HomeNewsCommentariesDisplay

Month of the Military Child: Step by step

U.S. Army Col. Michael Rodriguez reads the Oath of Office to his daughter U.S. Air Force 2nd Lt. Scarlett Rodriguez during her commissioning ceremony. Lieutenant Rodriguez had been warning her father for years that he needed to promote to brigadier general before reading her oath, but colonel was acceptable.

U.S. Army Col. Michael Rodriguez reads the Oath of Office to his daughter U.S. Air Force 2nd Lt. Scarlett Rodriguez during her commissioning ceremony. Lieutenant Rodriguez had been warning her father for years that he needed to promote to brigadier general before reading her oath, but colonel was acceptable.

U.S. Army Col. Michael Rodriguez and his daughter U.S. Air Force 2nd Lt. Scarlett Rodriguez smile at each other after reading the Oath of Office.  Lieutenant Rodriguez could not help making faces at her father during the entire ceremony, his bearing was tested. . . and failed.

U.S. Army Col. Michael Rodriguez and his daughter U.S. Air Force 2nd Lt. Scarlett Rodriguez smile at each other after reading the Oath of Office. Lieutenant Rodriguez could not help making faces at her father during the entire ceremony, his bearing was tested. . . and failed.

U.S. Army Col. Michael Rodriguez stands by his daughter, U.S. Air Force 2nd Lt. Scarlett Rodriguez after her commissioning ceremony. Colonel Rodriguez surprised his daughter with a traditional engraved sabre after her commissioning ceremony, an odd gift to unwrap in the middle of an Italian restaurant.

U.S. Army Col. Michael Rodriguez stands by his daughter, U.S. Air Force 2nd Lt. Scarlett Rodriguez after her commissioning ceremony. Colonel Rodriguez surprised his daughter with a traditional engraved sabre after her commissioning ceremony, an odd gift to unwrap in the middle of an Italian restaurant.

COLORADO SPRINGS, Colo. -- I have always been competing with my father.

Let me clarify. By competing, I have always been setting expectations for myself based on the accomplishments my father has done in his lifetime. Some people may think this is an odd ambition, especially because I am a girl. A lot of people have even told me I’m odd for even trying to compare myself to him, because “what’s the point?”

How does a small-in-stature Army brat who joined the Air Force through ROTC compare herself to an E-1 to O-6 Army Ranger who also happened to have served as a SWAT team leader (among other things) in the FBI? Did I mention he’s been juggling both careers for more than 20 years?

I don’t know if there is a way to compare the two of us, really. There probably won’t be until I’m a lot older. However, since I was old enough to think ‘this guy is a super-human,’ my goal has been to surpass him.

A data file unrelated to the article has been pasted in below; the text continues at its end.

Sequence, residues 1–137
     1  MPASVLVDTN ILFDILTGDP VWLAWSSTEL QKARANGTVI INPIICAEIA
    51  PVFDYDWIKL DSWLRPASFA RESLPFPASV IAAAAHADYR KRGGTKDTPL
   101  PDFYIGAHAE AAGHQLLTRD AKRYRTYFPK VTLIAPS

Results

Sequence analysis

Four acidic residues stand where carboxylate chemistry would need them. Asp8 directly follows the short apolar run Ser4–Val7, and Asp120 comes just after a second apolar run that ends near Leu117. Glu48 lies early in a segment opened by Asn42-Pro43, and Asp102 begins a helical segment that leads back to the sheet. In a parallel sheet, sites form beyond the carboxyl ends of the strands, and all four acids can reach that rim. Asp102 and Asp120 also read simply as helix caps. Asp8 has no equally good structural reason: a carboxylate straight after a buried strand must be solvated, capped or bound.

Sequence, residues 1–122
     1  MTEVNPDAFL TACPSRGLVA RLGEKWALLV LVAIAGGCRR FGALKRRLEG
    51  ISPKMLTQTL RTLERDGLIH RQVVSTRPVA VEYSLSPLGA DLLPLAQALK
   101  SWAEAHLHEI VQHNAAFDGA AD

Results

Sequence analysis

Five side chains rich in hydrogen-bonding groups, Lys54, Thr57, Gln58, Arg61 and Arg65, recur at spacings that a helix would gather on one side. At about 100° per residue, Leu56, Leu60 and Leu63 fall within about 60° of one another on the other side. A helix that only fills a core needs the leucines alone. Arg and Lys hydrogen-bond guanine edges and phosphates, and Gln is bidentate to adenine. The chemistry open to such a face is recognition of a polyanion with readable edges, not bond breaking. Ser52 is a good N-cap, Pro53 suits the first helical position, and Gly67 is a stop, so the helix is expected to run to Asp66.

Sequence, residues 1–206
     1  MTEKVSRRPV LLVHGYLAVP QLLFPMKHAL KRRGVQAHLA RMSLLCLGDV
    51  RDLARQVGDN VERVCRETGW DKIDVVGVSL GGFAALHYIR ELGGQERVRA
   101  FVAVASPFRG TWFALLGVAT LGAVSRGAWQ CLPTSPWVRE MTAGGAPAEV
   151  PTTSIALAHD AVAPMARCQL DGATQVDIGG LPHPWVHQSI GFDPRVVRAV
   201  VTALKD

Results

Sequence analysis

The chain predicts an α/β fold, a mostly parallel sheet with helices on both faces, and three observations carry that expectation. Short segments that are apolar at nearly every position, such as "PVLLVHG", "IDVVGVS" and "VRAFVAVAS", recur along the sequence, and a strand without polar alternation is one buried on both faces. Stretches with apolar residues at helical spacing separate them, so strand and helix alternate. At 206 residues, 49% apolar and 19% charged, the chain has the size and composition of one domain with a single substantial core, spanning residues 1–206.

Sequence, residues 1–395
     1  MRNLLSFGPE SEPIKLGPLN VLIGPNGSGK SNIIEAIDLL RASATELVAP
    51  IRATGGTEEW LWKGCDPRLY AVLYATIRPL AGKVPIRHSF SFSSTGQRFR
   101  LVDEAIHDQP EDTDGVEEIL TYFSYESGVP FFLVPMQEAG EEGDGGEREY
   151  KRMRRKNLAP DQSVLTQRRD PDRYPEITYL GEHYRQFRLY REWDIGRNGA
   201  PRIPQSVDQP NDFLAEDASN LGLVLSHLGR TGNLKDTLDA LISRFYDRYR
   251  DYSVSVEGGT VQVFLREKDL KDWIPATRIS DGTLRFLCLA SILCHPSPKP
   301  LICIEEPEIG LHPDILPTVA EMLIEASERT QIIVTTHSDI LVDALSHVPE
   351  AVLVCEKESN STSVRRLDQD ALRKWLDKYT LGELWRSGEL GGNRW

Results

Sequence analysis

I’ve used just about every chapter of my life to test my abilities against that of my father’s, to prove I could do just as much as he had at my age, if I really wanted to.

If he had good grades in high school, I could have them too. If he played varsity sports, I could play varsity sports. If he sang and danced competitively, I could sing. . . and as much as I wish I could say danced it would probably offend real dancers, but you understand my point.

I derived my accomplishments and milestones through the steps he had laid out in front of me and I had chosen to pursue. Naturally, seeing him spend his years dedicated to his role as an officer (I didn’t come around until he was a fresh, young captain), I had to pursue a life in the military as well.

Don’t get me wrong, this wasn’t something I did on a whim. My entire life has been coordinated with a career with the military in mind. I grew up with such an overwhelming respect for the people who serve, I couldn’t see myself doing anything else. The military was my plan A, and I didn’t have a plan B.

‘No plan B? People should have a plan B,’ some may be thinking. Yes, logically I understand there was never a guarantee I wouldn’t have something keeping me from a commission, or even an enlistment. Not to mention, there are a million jobs on the planet, why deal with the military, the uniforms, the deployments and the instability?

Because I have a passion for what being in the military means. And never once did I feel, as a military brat, I was serving the way everyone always told me I was. I understood what people meant, and never would I ever discredit the family members who serve at home, but I could not imagine letting my childhood be my only time serving. That wasn’t enough for me.

Also, let’s not forget I have a lifelong goal of measuring up to my father; I’m just lucky to have had passions that aligned with his.

Originally, the plan was to achieve officer the way my father had. Enlistment then pursuing a degree through the G.I. Bill; however, I was able to pick up the pace through an Air Force scholarship straight out of high school.  A paper on my life as a military brat and my competitive extra-curricular activities sure helped me out with that one (thanks dad).

After a few years of college, I arrived here. Finally living the dream that only could have been possible for me to conjure with the example I’ve had in my life.

I’ve always tried to compete with my dad, and I thought I was well on my way to catching up after I commissioned, but in reality I wouldn’t have been able to do any of the things in my life without him as my example.

My father may have not been there for every birthday or holiday, but he and the military have crafted the person I am to this day, and I’ve kept him with me as a reminder of who I want to be in my career, every competitive step of the way.